Match Report & Analysis
Portugal triumphed over Hungary 1-0 in a relatively comfortable World Cup Qualifying match. A red card in the 30th minute forced the home side into a shell, allowing the Selecção to dominate possession and control the tempo of the game.
Portugal lined up in their classic 4-4-2, with Ronaldo taking up his typical position as a left forward. However, unlike other matches, Fernando Santos’ formation and tactics were far less rigid. This was most apparent in the freedom afforded to Portugal’s wide midfielders: João Mário and Gelson Martins.
Usually, they’re restricted to the wings and are asked to primarily combine with their fullbacks to create overlaps and provide crosses. This previously left only two men, who always chose to sit deep and circulate the ball behind the opposition’s midfield block, to occupy the center of the pitch. Due to their being no other midfielder to step in-between the lines and progress play vertically, the European Champions’ possession play was often predictable and easy to contain. Ronaldo and André Silva would often drop deeper to solve this predicament, but it left a lack of offensive presence up front.
As mentioned before, Santos tackled this problem by asking his wingers to move narrower and into the half spaces in the 1st possession phase. This provided his side with much needed penetration, while his fullbacks pushed up wide and high to provide his side with width. The resulting formation in this stage looked something like a 2-2-4-2.
As is the nature of football, the formation wasn’t quite as symmetrical as it sounds. The structure was more centrally oriented on the left-wing, as João Mário was more comfortable drifting inwards and receiving the ball than classic winger Gelson Martins.
As the ball progressed past the defensive and middle thirds and into the final third, Portugal’s offense became incredibly fluid. If Mário still stayed centrally, Moutinho would drift wide to combine with the left back and deliver crosses into the box. While Gelson mostly swung to the right-wing in this stage of possession, it was not uncommon to see him swap positions with Mário. To add to the confusion that Hungary likely experienced, Ronaldo moved as and where he pleased. Towards the beginning of the game, this saw him drift out to the left flank, but as time progressed, he positioned himself in the right half space and began to make runs into the box.
The key to understanding Portugal’s plan of attack once near Hungary’s box, was noticing that there were always plenty of players positioned centrally to circulate the ball from flank to flank no matter who moved wide. Someone (and often many someone’s) would always be positioned near zone 14 to keep defenders occupied and aid effective penetration. This became a difficult strategy to execute once Hungary went a man down, so J. Mário and Gelson mixed things up by running into the box and distracting defenders from the ever-present threats in Ronaldo and André Silva.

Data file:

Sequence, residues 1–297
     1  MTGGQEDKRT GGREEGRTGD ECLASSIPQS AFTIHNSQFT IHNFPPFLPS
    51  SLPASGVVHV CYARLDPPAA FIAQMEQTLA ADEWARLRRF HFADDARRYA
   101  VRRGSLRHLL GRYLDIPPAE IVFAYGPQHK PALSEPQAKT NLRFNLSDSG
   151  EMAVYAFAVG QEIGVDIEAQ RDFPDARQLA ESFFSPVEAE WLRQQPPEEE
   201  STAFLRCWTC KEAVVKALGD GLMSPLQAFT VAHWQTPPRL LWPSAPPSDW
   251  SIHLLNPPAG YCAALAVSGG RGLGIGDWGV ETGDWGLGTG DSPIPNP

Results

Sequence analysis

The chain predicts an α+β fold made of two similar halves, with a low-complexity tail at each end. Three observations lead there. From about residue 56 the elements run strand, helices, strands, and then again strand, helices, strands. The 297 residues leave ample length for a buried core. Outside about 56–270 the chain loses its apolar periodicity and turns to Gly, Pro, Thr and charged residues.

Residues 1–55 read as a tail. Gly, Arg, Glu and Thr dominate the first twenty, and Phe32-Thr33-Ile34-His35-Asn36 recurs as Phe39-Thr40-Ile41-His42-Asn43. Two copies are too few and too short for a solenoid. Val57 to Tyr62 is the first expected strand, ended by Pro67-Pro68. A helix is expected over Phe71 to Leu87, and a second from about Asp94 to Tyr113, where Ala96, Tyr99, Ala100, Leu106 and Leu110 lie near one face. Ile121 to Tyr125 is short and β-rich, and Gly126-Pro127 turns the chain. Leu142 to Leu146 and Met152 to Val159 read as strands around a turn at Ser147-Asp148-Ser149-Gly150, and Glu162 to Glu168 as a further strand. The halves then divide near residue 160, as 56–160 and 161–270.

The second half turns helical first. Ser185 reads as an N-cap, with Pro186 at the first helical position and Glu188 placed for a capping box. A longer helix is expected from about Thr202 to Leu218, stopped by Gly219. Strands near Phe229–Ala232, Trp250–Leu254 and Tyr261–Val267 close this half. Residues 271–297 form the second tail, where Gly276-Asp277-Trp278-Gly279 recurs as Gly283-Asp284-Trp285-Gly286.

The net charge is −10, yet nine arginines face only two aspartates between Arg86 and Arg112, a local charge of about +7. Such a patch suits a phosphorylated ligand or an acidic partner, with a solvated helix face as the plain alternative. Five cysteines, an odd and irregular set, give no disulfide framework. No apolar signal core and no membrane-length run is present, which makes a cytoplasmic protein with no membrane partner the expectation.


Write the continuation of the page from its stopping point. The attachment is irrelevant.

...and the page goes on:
Portugal’s main issue was their poor final ball, which was partly down to Hungary’s more than adequate marking. Additionally, some of the decision making from Santos’ men wasn’t ideal, as players preferred to take shots from distance instead of showing more patience (Portugal managed a whopping 15 shots from outside the box).
But the pressure applied against 10 men proved to be enough, as the deadlock was finally broken in the 48th minute, when Ronaldo latched onto a Moutinho pass before bouncing a cross off André Silva and into the net. From then on, the Selecção slowed the tempo down and dominated the game, but some shifty defending from the EURO 2016 Champions allowed Hungary a couple of half chances to get one back.
Cristiano Ronaldo’s Performance
The best player in the world started the match brightly, as his hunger and desire for game-time clearly propelled him to be more active in the game. Before the match had seemingly started, he fired a scorcher from distance and maneuvered a header inches past the post. As Hungary began to bunker down (especially after losing a man to a red card), Ronaldo began drifting out to the left to combine with his teammates and play through balls to João Mario and Eliseu/Coentrão.
To keep things varied, he shifted over to the right soon after, looking to play the same deep-lying forward role as before. But his influence waned later in the 1st half, as his touches began to desert him and Hungary began to double and even triple-mark him.
Clearly looking to make more of an impact in the second half, Ronaldo came out of the tunnel even more motivated than before. Within literal minutes, he ran onto Moutinho’s pass on the left-hand side of the box, before delivering a superb cross for André Silva to finish.
What was especially impressive was how Cristiano managed to create so much power on his delivery, considering he had to half chip it in order to send it over the flying legs of a Hungary defender.
Following that decisive moment, Ronaldo began to position himself in the box periodically, in order to give himself the opportunity to finish off a clear-cut chance. In But Portugal’s final ball never materialized and he ended the game scoreless.
In all, it wasn’t a perfect performance from CR7, but he was promisingly influential and it was his impetus and on-the-ball quality that created the winner for Portugal. He can’t get back in a Madrid jersey fast enough.
(All statistics taken from sofascore)